Figure 8 shows the elongation at break of the different samples. The elongation at break, which is the ratio between changed length and initial length after breakage, showed a dramatic decrease with CFs obtaining less ductile materials. The most obvious case is the ECO/CF series, varying the elongation at break from 570% for pure ECO to 2.5% for ECO/CF (50/50). When the percentage of the CF loading was increased in this series, the elongation at break further decreased. For all the series, when the percentage of CF was 50 wt %, the ductility of the biocomposites decreased, which indicates that the CFs had hardened the biocomposites and reduced their ductility. For the ING series, no clear effect of the alkali treatment or PEG was observed. When the CF loading was increased to 60 wt %, the elongation at break of ING/CF (40/60) and ECO/CF (40/60) was reduced. The elongation at break of ING/CF (40/60) was not further reduced.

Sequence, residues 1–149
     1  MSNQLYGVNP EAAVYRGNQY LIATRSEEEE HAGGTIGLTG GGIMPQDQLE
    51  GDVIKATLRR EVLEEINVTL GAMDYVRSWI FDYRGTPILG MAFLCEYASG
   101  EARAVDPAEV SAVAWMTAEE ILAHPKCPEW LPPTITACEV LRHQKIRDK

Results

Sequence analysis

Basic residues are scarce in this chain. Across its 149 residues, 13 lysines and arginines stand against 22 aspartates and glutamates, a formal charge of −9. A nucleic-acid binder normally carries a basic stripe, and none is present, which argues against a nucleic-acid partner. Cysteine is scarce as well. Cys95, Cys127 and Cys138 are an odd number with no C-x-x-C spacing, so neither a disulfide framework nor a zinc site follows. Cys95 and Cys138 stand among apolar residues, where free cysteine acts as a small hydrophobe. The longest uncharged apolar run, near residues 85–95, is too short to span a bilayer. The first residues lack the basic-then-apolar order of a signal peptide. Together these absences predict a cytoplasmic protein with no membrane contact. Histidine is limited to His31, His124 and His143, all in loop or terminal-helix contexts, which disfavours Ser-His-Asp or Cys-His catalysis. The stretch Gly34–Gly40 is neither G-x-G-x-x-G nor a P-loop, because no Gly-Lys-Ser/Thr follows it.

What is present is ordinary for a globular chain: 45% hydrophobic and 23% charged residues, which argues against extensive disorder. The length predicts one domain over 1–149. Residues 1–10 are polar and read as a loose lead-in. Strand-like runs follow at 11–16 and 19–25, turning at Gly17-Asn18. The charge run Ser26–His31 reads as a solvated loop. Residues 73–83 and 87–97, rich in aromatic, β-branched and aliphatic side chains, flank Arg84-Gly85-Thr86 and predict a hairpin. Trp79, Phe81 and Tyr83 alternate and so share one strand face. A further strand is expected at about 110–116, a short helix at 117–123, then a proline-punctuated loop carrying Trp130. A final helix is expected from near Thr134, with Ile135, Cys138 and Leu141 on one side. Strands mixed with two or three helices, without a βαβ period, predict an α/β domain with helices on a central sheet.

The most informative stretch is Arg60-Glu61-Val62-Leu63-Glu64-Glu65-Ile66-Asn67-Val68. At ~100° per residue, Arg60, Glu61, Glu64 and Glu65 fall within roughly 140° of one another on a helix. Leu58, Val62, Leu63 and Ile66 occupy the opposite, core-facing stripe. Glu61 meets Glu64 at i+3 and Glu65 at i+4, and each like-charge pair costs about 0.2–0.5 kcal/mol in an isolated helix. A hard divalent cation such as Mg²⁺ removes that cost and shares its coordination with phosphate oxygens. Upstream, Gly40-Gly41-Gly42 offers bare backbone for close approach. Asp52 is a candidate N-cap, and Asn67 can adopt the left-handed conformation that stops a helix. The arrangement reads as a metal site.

3.6. Morphology of the Biocomposites

The effects of the two different treatments on the adhesion between the PLA matrix and CFs were investigated by FE–SEM. Micrographs of raw CFs and NaOH-treated CFs are shown in Figure 9a,b, respectively. As can be observed, alkali treatment increases the roughness of the CFs, increasing the surface area of the fibres available for contact to the matrix. Bismarck et al. [48] also observed this effect in natural fibres. Additionally, alkali treatment also removes hydrophilic components located on the fibre surface [47]. The micrographs of the fractured surface of the untreated CF/ING biocomposites can be seen in Figure 9c. This figure shows individual CFs, which indicates that the fibres have been not mixed well with the matrix due to a low adhesion between the matrix and the fibres. As can be seen in Figure 9d, the ING/NaOH–CF biocomposites show a good dispersion of the NaOH–CFs in the ING matrix compared to the appearance of the ING/CF biocomposites (Figure 9c), enhancing the CF wettability in the polymer matrix and improving the tensile strength of the biocomposites. In the case of the biocomposites containing the PEG, see Figure 9e; chicken fibres were completely covered by the polymer, however, no improvement in the tensile strength and modulus was observed.